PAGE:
Since that year off, I’ve made major changes in my life. I schedule my time in first. I drink water all day long; I eat healthy. I make it a deliberate point to get at least seven hours a sleep each night. I practice self-care and cope with change, stress, and emotions. I journal, meditate, practice Yoga, and share Reiki. My priorities have shifted and I no longer live a double life.

Yet I know the Jekyll and Hyde still exists since I still see it almost every day.

I work (part-time now) at the hospital that I left. I interact with nurses in different ways - sharing Reiki with them once a month, teaching Reiki I as a means to self-care, listening, talking, and offering support in a variety of ways. I don’t want any nurse to have to go through what I suffered. And so I’ve dedicated my work to a solution.

Among the many fun and energizing things I get to do with nurses, I also am honored to host a virtual conference that’s all about filling ourselves up. We give to so many people; it’s time we give a little to ourselves!

The RejuveNation Collaboration is my ‘baby’. I host this event each year and welcome hundreds of nurses to participate. The community is supportive, welcoming, and totally energizing. We share a variety of webinar workshops, each diverse in topic, but each the same in one truth: take care of ourselves first so we can best take care of our patients.

It’s a safe space to take a break, be yourself, and have some fun. I invite you to join us this fall. Our new fresh focus for this Collaboration is on the theme: ‘Get Out of Your Own Way!’ The nine unique presenters will share with you easy and quick strategies on de-cluttering, up-leveling, and reclaiming your life. I’m really looking forward to this event and I hope you will too. Go ahead and visit the registration page and see what you think. We’d love to have you!

Thank you so much for the work you do each day as a dedicated and passionate nurse. Now it’s time to feel comfortable and confident you can have it all. You can care as a nurse while caring for yourself first. I hold that belief for each and every one of us out there.

About Elizabeth Scala:

Elizabeth “Coach” Scala, MSN/MBA, RN, is beyond passionate about helping healthcare professionals, nurses in particular, to embody holistic living and embrace self-care. Through her business, Living Sublime Wellness, Elizabeth writes regularly on the topic of self-care, conducts wellness workshops, and offer both in-person and online seminars for busy nurses. Elizabeth is a Certified Health and Wellness Coach and a Reiki Master Teacher. Originally from Carmel, NY, she now lives in the Baltimore area with her husband and two dogs. Elizabeth is super excited about the RejuveNation Collaboration and can’t wait to meet and get to know each and every one of you. So, if you haven’t done so yet, go ahead and sign up today.  You won’t regret it!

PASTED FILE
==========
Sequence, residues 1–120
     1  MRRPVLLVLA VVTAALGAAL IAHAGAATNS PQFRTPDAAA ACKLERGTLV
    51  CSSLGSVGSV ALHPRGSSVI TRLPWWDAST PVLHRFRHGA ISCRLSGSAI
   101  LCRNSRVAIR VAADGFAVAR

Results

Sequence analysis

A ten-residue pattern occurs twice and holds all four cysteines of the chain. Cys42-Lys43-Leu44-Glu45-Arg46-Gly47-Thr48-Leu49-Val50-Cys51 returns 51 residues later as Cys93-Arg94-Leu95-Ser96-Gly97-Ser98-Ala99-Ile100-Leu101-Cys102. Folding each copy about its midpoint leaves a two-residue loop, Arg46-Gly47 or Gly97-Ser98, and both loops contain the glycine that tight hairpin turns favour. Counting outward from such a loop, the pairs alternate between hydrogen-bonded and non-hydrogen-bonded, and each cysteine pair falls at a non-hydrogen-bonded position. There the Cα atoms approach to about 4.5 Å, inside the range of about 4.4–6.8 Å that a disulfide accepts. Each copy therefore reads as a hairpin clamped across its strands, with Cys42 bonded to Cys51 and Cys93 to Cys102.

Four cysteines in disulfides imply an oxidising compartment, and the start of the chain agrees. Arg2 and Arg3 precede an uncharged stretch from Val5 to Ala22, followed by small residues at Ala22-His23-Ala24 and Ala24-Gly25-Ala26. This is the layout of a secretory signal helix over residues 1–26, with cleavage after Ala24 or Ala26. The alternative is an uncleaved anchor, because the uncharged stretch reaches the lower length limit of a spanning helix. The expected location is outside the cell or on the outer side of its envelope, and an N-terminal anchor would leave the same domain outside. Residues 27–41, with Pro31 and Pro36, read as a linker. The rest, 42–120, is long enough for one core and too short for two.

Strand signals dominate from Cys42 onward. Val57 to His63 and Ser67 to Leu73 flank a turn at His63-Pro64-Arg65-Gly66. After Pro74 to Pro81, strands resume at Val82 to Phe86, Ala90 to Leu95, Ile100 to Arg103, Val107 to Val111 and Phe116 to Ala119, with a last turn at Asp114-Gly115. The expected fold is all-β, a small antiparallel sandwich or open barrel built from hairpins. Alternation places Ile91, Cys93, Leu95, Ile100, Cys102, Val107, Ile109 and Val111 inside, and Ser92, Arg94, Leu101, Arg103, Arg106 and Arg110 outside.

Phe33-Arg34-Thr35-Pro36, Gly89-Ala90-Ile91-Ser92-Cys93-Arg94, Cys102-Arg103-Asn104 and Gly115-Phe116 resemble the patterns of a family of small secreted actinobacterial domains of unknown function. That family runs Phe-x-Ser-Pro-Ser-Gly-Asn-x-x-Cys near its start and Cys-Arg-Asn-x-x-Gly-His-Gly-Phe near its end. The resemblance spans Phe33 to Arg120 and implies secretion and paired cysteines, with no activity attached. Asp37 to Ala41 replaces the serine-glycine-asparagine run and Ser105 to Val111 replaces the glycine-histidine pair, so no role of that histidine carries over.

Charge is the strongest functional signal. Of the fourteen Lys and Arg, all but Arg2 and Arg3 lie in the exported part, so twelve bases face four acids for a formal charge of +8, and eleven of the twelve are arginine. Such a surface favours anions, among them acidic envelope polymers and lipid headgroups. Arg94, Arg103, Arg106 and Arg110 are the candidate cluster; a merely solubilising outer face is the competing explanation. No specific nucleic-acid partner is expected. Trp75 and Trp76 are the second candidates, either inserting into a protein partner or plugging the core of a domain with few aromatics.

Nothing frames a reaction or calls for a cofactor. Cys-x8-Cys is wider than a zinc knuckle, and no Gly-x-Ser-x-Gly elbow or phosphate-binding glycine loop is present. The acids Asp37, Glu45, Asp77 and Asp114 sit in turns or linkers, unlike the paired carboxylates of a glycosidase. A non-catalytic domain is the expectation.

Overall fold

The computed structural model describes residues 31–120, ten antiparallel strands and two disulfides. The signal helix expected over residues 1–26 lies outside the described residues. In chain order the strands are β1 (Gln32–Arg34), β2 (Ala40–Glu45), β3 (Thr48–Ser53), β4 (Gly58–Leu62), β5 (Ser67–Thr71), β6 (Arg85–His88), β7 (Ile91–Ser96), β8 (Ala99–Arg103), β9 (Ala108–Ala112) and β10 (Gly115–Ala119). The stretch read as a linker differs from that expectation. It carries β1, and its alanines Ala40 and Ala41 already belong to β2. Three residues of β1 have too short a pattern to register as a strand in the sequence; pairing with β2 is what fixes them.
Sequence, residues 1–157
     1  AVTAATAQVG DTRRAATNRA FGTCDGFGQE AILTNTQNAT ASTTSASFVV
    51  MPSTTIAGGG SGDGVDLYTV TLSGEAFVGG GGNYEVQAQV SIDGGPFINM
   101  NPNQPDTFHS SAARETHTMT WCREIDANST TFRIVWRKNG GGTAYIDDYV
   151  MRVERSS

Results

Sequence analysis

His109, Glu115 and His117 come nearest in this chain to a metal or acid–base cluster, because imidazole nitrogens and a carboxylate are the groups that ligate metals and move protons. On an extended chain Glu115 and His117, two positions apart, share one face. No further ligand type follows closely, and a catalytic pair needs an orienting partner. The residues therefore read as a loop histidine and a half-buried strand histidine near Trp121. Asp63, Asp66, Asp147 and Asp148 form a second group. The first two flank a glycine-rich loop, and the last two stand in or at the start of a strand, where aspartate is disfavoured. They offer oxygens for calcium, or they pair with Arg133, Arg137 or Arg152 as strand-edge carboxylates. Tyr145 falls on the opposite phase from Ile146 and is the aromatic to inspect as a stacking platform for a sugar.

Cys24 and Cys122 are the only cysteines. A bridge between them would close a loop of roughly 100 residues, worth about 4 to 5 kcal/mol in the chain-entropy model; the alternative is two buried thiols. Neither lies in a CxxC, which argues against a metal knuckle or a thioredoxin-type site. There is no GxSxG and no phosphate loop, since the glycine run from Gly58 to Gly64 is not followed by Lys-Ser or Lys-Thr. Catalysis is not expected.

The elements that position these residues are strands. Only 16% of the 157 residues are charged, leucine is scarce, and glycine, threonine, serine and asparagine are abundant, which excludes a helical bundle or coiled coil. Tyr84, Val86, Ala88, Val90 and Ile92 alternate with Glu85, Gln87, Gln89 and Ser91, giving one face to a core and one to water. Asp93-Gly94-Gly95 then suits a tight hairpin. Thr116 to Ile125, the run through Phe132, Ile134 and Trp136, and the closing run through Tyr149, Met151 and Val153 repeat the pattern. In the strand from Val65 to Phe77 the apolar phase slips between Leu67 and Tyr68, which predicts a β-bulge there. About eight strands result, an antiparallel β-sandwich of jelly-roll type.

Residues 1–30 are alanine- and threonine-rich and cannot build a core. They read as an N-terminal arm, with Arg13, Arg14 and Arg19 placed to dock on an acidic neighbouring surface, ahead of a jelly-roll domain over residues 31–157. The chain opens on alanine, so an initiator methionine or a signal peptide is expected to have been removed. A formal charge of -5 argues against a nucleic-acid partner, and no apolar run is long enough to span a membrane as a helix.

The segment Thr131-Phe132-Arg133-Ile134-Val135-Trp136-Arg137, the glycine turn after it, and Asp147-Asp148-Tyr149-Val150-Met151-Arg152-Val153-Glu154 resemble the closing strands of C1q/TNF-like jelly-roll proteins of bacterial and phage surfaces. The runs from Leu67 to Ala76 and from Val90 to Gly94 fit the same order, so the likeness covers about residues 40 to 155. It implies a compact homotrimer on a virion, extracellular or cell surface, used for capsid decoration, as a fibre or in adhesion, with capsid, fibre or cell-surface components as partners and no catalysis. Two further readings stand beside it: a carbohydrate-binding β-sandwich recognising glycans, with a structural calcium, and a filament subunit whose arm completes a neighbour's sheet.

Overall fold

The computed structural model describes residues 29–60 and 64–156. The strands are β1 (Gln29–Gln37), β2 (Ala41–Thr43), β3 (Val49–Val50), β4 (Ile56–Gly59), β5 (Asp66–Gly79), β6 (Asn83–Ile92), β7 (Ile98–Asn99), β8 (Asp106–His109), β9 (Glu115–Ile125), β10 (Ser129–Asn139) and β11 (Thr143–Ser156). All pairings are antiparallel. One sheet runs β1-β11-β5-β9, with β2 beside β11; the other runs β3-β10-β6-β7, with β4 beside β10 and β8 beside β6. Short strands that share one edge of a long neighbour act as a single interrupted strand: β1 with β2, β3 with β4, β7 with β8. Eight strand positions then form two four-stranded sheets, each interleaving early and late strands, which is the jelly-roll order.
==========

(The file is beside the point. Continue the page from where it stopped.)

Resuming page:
1. Cute Story! Definitely know some friends who could benefit from the virtual retreat too, so I'll make sure to spread the news.

    1. Thank you so much for enjoying the story. (Even if it's not that enjoyable to live through...) I am so happy you will spread the word of the virtual retreat. I look forward to it and hope your friends do too! Enjoy your day, Elizabeth

  2. I identfy with everything in that article. It described me at a T! Trying to work, accepting a supervisory position,care for husband and 6kids, and got back to school all at the same time I was drowning and finally burned out. I have been out of work for a year and attending school, but I find myself wondering if I got what it takes to go back to nursing.

  3. Elaine,
    Thank you for your honesty. I appreciate your feedback on the article. I find it fascinating that I tell this story, but that this very story is likely the story of many, many of us out there working as dedicated, professional, and caring nurses.

    I do hope that as you venture back into nursing- in whatever capacity that is- you listen to your heart (and not your head).

    So often we make decisions based on what's 'right', what 'works' financially, or what's 'good' for the family... make a nurse decision based on what you want and need. Your health, happiness, and even your work will thank you for it!

    I appreciate you sharing a comment. Enjoy your health today!

  4. I could not agree more. Nurses have to make hard decisions everyday. In life and at work. The hardest ones are for your own life. There is no protocol for that. Good luck and thanks for sharing.